The State of Remote Work 2019 says it: remote work isn’t the future of work – it’s the present.
From flexible hours to a comfortable environment, working from home has its perks.
However, too much flexibility can do more harm than good – it can get tough to focus and be productive while being at home.
Read below our 6 steps for home office productivity.
#1 Map out your office space
Nobody likes sitting up most of the day at an uncomfortable office chair. However, working in bed all day doesn’t sound very productive.
When you work from home, you have the luxury of creating your own space. Whether you’re taking a few work-from-home days from your job, or you’re a full-time freelancer, you need to organize your home space accordingly.
Think of what your ideal work environment looks like. Do you prefer a quiet room, where you sit at a desk with a large computer monitor? Or are you actually okay working on your sofa with your laptop? Or maybe you like to alternate between spaces throughout the day?
Personally, I tend to spend 4 to 5 hours working on my desk, 2 to 3 hours on the sofa and 1 to 2 hours on the dining table.
Choose what suits you best and prepare it well. Remove distractions, plan the spaces ahead, get all that you need in advance, and start working.
#2 Stimulate the senses
Stimulating the senses correctly has been proven to improve focus and productivity.
Music with 60-70 beats per minute for example usually helps work longer and improve cognitive abilities. The volume of your music is also important – if it’s too loud, you won’t hear yourself think, it needs to stay in the background. Also, music with no lyrics is best, which is why ambient and nature sounds are usually popular. We’ve created music playlists just for this purpose, check them out.
Indoor plants are also great allies. Studies have found that the presence of plants in the workspace boosts one’s ability to maintain attention. So add a little green to your home office.
Introducing sweet fragrance through scented candles can also play a great part in increasing focus. Generate Ideas with Peppermint or Cinnamon, stay awake with Orange or Lemon, focus more using Rosemary, reduce stress using Jasmine.
#3 Design your morning & afternoon routines
Avoid procrastinating by having a structured routine in the morning and another one in the afternoon. Just like getting ready to go to the office, get ready to go ‘into work’ in the morning and right after lunch in the afternoon but from the comfort of your tome.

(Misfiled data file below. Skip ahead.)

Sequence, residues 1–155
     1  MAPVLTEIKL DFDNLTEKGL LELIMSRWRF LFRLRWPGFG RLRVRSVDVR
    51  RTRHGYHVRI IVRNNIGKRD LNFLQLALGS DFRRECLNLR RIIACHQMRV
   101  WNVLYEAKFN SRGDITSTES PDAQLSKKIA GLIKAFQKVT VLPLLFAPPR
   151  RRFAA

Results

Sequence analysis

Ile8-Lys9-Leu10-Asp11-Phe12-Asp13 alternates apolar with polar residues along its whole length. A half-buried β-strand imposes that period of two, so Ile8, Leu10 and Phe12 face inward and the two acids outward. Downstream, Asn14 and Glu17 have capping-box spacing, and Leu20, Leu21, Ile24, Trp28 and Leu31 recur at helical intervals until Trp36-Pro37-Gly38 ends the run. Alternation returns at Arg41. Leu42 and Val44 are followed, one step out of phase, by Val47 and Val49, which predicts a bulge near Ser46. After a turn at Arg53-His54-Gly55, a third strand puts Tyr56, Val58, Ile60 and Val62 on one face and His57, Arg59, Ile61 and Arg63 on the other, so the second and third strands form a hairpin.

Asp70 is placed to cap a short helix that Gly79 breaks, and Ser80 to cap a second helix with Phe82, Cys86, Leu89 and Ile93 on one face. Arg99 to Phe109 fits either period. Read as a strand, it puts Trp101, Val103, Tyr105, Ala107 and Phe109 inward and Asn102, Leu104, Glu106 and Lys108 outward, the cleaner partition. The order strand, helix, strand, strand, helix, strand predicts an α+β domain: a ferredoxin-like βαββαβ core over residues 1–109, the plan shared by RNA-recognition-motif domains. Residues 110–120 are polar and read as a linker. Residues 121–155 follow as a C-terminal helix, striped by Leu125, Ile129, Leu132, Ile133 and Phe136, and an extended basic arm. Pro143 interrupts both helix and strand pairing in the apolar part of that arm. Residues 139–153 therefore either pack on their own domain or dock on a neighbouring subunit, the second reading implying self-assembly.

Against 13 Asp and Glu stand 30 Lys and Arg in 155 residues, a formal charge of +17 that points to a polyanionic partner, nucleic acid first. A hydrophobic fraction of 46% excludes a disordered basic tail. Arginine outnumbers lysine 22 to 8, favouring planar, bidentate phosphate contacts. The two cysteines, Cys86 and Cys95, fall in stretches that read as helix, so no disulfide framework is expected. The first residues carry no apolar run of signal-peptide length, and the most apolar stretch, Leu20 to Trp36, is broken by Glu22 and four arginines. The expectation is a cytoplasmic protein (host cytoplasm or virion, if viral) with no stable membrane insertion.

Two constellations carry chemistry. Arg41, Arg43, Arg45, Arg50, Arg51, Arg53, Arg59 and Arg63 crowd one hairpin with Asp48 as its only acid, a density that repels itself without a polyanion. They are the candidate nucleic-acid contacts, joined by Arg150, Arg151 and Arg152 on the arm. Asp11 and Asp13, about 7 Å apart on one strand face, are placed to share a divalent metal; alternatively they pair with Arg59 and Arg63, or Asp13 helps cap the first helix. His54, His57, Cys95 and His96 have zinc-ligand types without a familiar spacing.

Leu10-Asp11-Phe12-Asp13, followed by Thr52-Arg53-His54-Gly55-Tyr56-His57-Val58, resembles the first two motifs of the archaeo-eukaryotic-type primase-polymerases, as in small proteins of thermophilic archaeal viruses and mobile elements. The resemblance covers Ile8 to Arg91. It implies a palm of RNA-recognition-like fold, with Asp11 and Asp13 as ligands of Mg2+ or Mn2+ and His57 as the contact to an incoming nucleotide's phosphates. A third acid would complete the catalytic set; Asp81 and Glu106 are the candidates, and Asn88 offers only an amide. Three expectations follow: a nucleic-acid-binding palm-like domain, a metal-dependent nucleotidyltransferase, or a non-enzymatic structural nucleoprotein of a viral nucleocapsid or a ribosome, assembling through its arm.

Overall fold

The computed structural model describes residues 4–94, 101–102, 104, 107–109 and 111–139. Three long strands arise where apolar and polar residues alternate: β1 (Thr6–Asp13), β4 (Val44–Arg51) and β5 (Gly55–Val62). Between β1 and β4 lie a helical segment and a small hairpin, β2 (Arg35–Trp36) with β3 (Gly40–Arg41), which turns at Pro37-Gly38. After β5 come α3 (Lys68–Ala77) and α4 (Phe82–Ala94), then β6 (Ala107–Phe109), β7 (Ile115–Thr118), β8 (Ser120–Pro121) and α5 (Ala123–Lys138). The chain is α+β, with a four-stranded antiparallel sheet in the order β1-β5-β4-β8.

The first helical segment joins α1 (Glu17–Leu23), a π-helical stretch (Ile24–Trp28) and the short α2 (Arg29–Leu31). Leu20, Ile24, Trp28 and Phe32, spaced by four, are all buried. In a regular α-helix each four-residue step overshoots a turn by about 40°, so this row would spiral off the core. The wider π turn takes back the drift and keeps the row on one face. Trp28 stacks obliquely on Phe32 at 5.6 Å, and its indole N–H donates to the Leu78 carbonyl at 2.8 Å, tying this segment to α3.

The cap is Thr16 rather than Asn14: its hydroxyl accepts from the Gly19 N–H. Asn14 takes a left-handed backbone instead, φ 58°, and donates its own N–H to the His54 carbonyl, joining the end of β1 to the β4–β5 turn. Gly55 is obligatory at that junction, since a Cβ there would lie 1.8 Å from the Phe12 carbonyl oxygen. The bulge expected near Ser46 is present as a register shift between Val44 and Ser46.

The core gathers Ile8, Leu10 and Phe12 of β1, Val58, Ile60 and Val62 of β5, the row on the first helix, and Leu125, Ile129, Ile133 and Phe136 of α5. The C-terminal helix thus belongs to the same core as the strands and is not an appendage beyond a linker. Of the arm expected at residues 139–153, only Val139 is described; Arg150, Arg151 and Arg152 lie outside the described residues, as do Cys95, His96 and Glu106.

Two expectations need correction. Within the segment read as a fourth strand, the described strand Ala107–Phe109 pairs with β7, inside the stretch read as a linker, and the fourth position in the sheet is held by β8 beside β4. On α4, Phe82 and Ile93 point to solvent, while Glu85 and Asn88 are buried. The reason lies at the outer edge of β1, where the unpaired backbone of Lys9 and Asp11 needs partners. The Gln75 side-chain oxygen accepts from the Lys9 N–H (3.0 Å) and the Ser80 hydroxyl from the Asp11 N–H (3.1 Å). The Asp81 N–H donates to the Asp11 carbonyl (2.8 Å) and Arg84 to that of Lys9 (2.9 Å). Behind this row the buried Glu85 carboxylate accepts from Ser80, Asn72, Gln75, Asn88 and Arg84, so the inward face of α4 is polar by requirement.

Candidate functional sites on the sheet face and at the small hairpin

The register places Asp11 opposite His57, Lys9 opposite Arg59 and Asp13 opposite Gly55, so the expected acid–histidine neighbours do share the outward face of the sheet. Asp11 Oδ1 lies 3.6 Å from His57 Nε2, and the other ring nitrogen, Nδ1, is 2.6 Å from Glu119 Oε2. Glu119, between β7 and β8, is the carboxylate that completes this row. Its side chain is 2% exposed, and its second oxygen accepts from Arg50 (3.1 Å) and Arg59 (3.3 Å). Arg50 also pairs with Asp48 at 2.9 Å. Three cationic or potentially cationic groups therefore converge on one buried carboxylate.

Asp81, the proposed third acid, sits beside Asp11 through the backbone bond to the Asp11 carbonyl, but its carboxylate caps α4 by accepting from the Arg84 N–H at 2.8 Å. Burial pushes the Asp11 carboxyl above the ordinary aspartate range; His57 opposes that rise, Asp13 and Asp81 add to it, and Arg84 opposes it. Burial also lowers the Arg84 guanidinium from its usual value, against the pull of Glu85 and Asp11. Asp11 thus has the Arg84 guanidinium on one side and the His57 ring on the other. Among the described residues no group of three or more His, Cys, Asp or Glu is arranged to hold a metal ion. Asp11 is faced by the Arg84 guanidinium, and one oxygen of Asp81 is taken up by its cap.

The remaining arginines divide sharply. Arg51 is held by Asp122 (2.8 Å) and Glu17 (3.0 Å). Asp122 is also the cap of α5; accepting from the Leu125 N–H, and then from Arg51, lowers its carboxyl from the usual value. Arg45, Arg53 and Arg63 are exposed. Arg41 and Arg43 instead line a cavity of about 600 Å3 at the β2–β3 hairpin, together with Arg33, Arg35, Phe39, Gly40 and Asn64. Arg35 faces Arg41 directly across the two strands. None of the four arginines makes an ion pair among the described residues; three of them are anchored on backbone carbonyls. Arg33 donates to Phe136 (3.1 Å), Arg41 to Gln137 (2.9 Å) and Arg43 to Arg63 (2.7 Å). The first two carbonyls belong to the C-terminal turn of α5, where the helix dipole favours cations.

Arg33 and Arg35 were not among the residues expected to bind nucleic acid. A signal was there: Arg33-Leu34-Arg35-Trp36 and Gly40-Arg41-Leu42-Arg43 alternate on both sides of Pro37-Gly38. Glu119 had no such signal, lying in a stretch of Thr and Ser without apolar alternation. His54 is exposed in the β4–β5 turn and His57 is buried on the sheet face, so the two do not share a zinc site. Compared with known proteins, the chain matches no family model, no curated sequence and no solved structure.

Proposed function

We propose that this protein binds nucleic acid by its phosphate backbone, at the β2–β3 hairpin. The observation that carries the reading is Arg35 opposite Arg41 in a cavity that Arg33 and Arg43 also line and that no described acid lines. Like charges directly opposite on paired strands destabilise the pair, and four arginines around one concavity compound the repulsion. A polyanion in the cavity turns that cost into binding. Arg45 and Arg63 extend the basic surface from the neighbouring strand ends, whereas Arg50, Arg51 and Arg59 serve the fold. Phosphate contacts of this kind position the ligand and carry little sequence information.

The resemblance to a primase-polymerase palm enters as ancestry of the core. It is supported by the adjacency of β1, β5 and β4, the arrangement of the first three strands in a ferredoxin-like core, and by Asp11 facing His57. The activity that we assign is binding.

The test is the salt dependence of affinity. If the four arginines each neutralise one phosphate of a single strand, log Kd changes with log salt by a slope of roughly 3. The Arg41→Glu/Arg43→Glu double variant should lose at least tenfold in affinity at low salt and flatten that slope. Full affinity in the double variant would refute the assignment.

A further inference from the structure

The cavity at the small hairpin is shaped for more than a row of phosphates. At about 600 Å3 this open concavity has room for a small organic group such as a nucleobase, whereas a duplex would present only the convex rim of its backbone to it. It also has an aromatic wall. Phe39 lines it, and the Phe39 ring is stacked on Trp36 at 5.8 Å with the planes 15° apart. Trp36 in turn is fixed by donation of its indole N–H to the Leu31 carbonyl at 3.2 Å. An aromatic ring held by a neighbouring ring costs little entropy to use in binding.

A morning routine could simply be:
- Drink tea
- Eat breakfast
- Practice 10 minutes of meditation
And the afternoon routine:
- Drink coffee after lunch
- A walk around the block
- Browse social media for 15 minutes
You’ll feel ready, you’ll get that blood pumping through your veins, and you’ll break the lowkey sad, lonely working at-home vibe!
#4 Focus on task, not time
Do you know why you’re usually productive in an office-based? It’s the fact that you’re kinda ‘forced’ to be productive.
We, human beings, love to procrastinate. In fact, it’s sort of a natural tendency. Unless I ‘have to’ be in this office until 6pm or ‘have to’ do task XYZ before leaving, I can delay work indefinitely.
In a home environment, forget the working hours and instead discipline yourself through a task-based schedule: make a list of tasks to usually fill you a full or half-day and don’t stop until all tasks are completed – whether that means finishing earlier or later than expected.
It’ll be much easier to motivate yourself by just having a to-do list to go through on the day.
#5 Honor the attention span
You’ve probably heard before that our collective attention span is similar to the one from a goldfish. It’s actually worse.
In the age of information technology, our attention span has been shrinking down to 8 seconds. This simply means it’s hard to work 3 hours non-stop.
In an office environment, you usually have breaks naturally by interacting with other people in the office.
At home, you may be alone, that’s why we recommend you split your day into 60 to 90-minutes chunks, separated by 15-minute breaks. Go for a walk, grab a coffee, whatever seems convenient to you.
You’ll be able to pull off the fuse of your mind during these breaks, and when you come back at it, you’ll tackle things with a crystal clear brain.
#6 Cast yourself away
Tom Hanks did get some work done when he was trapped on this desert island, didn’t he?
An average of 153 minutes is globally spent on social media per day, as of 2019. That’s 2 hours and 33 minutes.
Instagram self-control isn’t the easiest skill to harness, and until you get there, you can use technology itself to reduce your screen time. Countless apps have been created to solve this problem since it’s a major cause in productivity decline among people. Mobile apps like OFFTIME, Moment, Cold Turkey as well as browser extensions for your laptop/pc.
On your laptop/PC, close all tabs and apps non-work related before you start your day.
Give yourself back some time by limiting ‘entertaining’ time until you’re done with your work.
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